Interspersed with Uma's story we learn of Aruna's marriage to a successful business man and her move to fashionable Bombay and 2 children. However, despite her deliberate flaunting in front of her parents, and Uma in particular, she is also unhappy at heart, as her obsessions with having the best overtake her life and render it sterile. There is also their beautiful cousin's marriage which ends in cruelty and then tragedy. Are their any women who triumph in this novel? Any women who are allowed to be themseves? It seems only the next door neighbour is content, and only after a long battle with her mother-in-law.
Two-thirds the way through the book we have a sudden shift in direction. We are taken to USA where Arun is at university and staying with a family during the holidays. Arun is now a timid and reclusive individual, weighed down by his fathers aspirations and relentless education, and thrown into an alien environment he finds baffling. Surprisingly this forms the most humourous part of the book, and I laughed out loud at some parts. The American family are drowning in their own problems of Western psychological neuroses, of obsession, delusion and dysfunction. Arun is horrified, but also recognises similarities with his sisters situation, and instead of embracing his freedom, he retreats further inwards, missing his own dysfunctional family.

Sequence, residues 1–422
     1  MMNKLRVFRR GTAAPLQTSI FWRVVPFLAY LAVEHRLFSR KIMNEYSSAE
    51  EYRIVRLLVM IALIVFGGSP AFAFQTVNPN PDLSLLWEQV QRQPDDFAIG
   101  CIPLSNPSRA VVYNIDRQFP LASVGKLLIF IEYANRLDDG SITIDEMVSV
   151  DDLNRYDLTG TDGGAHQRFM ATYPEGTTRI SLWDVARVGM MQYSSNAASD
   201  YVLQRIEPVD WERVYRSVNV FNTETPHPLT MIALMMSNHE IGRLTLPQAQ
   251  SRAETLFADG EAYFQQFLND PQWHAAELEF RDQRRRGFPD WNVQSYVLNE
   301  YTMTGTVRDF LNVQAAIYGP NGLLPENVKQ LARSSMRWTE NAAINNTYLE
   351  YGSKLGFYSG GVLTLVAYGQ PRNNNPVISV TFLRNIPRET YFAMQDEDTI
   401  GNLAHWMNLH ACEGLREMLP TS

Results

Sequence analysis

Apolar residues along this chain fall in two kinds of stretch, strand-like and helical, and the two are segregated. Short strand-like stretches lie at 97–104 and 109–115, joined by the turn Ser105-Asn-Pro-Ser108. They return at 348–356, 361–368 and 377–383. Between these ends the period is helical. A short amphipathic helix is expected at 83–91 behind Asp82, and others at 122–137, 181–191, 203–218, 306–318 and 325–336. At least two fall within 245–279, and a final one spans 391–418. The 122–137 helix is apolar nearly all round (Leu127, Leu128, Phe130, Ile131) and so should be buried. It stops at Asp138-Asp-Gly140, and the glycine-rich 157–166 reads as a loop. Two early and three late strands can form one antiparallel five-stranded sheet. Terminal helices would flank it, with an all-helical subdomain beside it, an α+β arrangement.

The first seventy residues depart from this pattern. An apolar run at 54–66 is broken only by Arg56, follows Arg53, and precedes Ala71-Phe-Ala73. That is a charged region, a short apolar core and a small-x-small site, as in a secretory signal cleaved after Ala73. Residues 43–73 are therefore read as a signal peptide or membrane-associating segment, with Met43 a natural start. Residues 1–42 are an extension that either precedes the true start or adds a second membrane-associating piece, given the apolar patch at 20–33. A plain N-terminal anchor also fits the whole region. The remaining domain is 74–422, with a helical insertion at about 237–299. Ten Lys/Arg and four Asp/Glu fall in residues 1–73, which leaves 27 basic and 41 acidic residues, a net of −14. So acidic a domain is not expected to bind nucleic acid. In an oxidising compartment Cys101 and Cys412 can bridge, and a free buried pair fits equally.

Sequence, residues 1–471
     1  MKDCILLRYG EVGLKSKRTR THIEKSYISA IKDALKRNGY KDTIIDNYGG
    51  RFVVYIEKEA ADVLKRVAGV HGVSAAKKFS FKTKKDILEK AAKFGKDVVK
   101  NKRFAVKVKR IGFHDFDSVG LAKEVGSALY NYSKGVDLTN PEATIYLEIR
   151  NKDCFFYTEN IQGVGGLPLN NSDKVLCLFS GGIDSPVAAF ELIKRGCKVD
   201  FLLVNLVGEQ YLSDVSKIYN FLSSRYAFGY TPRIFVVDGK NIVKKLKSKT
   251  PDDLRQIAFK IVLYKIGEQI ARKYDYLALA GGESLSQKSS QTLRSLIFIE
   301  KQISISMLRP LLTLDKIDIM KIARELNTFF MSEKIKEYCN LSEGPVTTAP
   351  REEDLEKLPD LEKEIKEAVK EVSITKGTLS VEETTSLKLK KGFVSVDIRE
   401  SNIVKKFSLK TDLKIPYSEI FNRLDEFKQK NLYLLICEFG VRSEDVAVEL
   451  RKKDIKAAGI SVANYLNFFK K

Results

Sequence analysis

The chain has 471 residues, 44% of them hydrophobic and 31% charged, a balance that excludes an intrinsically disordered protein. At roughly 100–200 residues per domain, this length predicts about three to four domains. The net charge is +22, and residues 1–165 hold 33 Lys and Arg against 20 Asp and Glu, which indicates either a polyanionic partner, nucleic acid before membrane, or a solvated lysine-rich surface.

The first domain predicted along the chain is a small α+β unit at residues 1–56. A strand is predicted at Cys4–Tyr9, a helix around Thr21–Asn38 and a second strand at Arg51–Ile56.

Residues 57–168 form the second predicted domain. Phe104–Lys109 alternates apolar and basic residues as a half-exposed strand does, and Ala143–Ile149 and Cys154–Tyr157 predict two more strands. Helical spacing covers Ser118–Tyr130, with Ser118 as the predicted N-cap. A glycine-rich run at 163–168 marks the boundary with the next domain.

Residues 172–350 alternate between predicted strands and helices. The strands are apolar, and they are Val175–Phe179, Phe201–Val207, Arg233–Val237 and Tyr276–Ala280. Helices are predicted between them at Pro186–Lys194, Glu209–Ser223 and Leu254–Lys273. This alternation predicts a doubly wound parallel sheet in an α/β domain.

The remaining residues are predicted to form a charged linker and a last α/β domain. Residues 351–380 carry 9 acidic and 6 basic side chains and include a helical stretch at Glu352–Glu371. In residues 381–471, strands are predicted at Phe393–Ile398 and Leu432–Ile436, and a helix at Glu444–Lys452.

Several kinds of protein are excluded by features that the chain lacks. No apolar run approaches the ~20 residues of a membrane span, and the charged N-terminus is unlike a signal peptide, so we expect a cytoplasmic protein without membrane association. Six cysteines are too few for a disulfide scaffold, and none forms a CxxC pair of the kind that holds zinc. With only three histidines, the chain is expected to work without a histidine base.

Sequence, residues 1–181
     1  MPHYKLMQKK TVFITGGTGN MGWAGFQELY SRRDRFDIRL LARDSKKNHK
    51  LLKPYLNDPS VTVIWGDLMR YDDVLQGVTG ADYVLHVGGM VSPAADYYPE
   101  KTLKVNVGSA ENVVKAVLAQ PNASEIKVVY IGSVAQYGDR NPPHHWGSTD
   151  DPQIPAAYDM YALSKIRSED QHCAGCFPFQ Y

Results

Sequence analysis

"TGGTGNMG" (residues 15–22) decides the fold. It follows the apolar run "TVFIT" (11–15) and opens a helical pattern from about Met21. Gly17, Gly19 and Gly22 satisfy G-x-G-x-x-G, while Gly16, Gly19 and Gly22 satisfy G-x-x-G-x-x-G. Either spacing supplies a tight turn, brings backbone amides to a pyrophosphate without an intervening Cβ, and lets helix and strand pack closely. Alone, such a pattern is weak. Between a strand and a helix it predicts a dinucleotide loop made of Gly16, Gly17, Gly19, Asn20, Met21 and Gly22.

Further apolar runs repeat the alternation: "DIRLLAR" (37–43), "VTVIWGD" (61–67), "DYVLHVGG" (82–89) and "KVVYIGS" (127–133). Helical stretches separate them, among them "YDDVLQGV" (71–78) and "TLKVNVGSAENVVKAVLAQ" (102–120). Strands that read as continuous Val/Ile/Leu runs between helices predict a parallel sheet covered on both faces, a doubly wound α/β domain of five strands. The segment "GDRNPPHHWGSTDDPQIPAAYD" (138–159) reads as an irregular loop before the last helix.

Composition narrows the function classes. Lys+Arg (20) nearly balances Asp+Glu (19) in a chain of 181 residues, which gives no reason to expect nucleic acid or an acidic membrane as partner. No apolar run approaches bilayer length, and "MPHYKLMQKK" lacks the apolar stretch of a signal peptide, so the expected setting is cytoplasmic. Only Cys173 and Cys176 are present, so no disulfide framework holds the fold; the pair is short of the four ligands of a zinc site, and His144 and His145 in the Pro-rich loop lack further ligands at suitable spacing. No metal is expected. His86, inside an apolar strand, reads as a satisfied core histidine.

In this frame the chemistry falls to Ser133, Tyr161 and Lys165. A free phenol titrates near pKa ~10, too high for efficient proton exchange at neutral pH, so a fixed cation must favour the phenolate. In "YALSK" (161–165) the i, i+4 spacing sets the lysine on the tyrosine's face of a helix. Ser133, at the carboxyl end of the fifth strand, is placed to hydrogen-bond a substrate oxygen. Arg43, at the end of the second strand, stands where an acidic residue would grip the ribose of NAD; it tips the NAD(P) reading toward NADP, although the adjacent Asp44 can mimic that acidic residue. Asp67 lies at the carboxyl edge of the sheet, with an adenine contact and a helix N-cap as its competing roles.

The title of the book clearly comes from the comparison of those who have little and those who have too much. A lot of the imagery and episodes and comparisons take place around food but this is only used as a metaphor to illustrate constraints or abundance of freedom and its subsequent problems.
This book is not for those who enjoy plot driven novels full of action or even conclusions. It is a beautifully written study of characters, a skillful set of observations, but it offers no answers, only presentations of comparisons. Although I enjoyed the last part in America, it was the weakest part of the book because of its abruptness, and its stereotypes. I just did not believe in the family being so unredemptive and hopeless. I longed to get back to see if Uma had hauled herself away from her prison with her family. We never find out. And for all of their faults I never viewed her family as hopeless.